And again, we talk a lot about what’s happened to women. This is important, I talk about in my story. A woman who was a newscaster in the Kandahar area, she escaped, and it’s a good thing she did because they came to her house to look for her to kill her, and they fired guns into her house. One other journalist, a male journalist who was working for the German news agencies, they were hunting him down because he’d worked with a foreign news agency. They couldn’t find him, so they just shot a member of his family, just to make a point. They just gunned them down. He wasn’t there, okay, well then, you’re good enough — bang. This is the type of terror.
How many women now are going back to universities? Zero. There were a hundred thousand women in universities in Afghanistan, a year ago. Now, effectively, that’s shut down. Girls schools…girls are allowed to go to school for the first few years of their lives, enough to learn reading and writing, to be able to be wives, but that’s it. And they can’t be in public without a male companion. And pretty soon they will all be covered. Don’t forget it’s not just Kabul, once you get out into those foreign areas. So you have an alien form of medieval Islam imposed on a nation which would never choose to be occupied [by the Taliban].
Gray: I think that’s kind of what I’m looking for. It is a medieval philosophical or religious base, right?
Palast: Yes. Well, in fact, if you go again, I hated to put some of these lurid pictures in my article, but I had no choice. There was a woman about to be a machine gunned, apparently for adultery. She’s going to be machine gunned to death. I could have used a worse pictures. I actually have pictures of the bullets going through her. This is the Taliban. This is Taliban control.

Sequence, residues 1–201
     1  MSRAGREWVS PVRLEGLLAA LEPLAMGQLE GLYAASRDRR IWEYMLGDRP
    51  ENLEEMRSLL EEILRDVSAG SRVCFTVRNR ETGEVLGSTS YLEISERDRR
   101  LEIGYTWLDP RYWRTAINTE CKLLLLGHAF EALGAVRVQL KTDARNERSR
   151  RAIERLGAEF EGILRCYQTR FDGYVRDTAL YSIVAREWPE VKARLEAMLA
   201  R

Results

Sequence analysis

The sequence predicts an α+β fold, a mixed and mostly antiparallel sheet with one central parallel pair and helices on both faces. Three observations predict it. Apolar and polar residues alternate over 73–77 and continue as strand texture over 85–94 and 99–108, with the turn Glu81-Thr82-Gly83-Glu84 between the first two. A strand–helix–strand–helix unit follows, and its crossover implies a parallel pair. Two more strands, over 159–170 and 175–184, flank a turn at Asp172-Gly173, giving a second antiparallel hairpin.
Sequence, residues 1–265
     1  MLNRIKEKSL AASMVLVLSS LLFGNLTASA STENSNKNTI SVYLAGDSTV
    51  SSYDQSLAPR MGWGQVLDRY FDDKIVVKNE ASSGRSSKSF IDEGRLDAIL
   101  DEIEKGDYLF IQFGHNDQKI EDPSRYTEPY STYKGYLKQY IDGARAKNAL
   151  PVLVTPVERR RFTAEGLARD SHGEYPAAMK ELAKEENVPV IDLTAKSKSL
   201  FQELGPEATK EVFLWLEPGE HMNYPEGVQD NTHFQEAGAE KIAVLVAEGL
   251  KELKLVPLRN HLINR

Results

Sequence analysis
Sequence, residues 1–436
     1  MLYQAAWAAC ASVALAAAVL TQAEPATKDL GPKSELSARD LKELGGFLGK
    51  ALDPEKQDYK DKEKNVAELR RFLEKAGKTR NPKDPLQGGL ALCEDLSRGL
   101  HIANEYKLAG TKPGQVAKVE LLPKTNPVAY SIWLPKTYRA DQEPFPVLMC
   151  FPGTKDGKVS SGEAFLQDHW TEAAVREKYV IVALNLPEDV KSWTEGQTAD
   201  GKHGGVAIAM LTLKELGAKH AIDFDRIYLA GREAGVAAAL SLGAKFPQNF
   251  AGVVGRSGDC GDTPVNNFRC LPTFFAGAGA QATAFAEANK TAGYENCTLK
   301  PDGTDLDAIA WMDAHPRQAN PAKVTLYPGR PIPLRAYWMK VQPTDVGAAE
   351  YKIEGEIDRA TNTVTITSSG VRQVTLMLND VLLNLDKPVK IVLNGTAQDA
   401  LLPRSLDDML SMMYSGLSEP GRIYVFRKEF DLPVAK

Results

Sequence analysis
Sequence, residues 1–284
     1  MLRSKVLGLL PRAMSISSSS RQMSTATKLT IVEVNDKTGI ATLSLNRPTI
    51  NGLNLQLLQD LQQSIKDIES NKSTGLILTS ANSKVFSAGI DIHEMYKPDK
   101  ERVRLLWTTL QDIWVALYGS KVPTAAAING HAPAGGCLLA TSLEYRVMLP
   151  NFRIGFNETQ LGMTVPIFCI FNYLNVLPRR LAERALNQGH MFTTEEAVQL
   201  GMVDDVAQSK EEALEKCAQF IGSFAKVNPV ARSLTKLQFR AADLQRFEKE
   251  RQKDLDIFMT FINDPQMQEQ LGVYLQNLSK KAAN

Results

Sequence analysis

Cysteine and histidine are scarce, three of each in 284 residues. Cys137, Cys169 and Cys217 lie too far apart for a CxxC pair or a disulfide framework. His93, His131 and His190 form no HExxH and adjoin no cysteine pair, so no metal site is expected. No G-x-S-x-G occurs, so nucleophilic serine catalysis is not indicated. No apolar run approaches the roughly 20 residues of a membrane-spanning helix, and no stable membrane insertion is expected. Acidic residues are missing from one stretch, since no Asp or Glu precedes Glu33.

And like I say… Look, everyone would put me, and I suppose I put myself on the progressive end of politics. And I do. I’m happy to see, very frankly, there was some real schadenfreude to see the American empire slip on a kind of diplomatic banana peel. To see imperialism habits’ cumuppance. To see the arrogance and the lies that we were told by Bush and Cheney and Obama and everyone else [exposed].
Look, I’m not a fan of US wars of occupation. And that’s why, for example…You know, anyone who compares this to Vietnam, I was in Vietnam. The people in Vietnam wanted Hồ Chí Minh. [And the Afghans] don’t want the Taliban. We were on the wrong side of Vietnam, that’s what happened there. But what’s happened is since Vietnam, unfortunately, the left has begun to identify itself as just kind of blind pacifism. And I’m sorry, that’s the basic disagreement I have. You have to fight fascists. They don’t understand anything else. And you certainly don’t hand other people to a fascist occupation.
Gray: And that’s what happened?
Palast: And that’s what happened. We handed it over. And by the way, I’m furious that Biden would say like, oh, the Afghans wouldn’t defend themselves. How dare you? You know it’s purely a racist statement. This guy wanted, by the way, to have a constitutional amendment to prevent Black children from being bussed to better schools. Biden showed his visceral racism when he said Afghans wouldn’t defend themselves. 66,000 Afghan soldiers died fighting the Taliban. Sixty-six thousand —and that was before his announcement of surrender, and not counting the Afghans who fought side by side with us after the United States was attacked. The Uzbeks especially, and the Tajiks who were in the Northern Alliance didn’t say, well, we don’t care what happened in New York. We don’t care if the World Trade Center went down, that that’s not our war. No, they said, okay, we’ll join with you and we’ll get rid of these fascists who are attacking you and attacking us too. So, I’m just very concerned about this type of racism… It’s very easy to say that people of color are cowards. It’s an old trope. Black people didn’t defend [themselves]. I mean, I actually just heard Kanye West say, well, you know, Black people were enslaved for 400 years, it sounded like they made a choice. No. That was not their choice. It was never their choice. The people of Afghanistan, this is not their choice. We turned them over.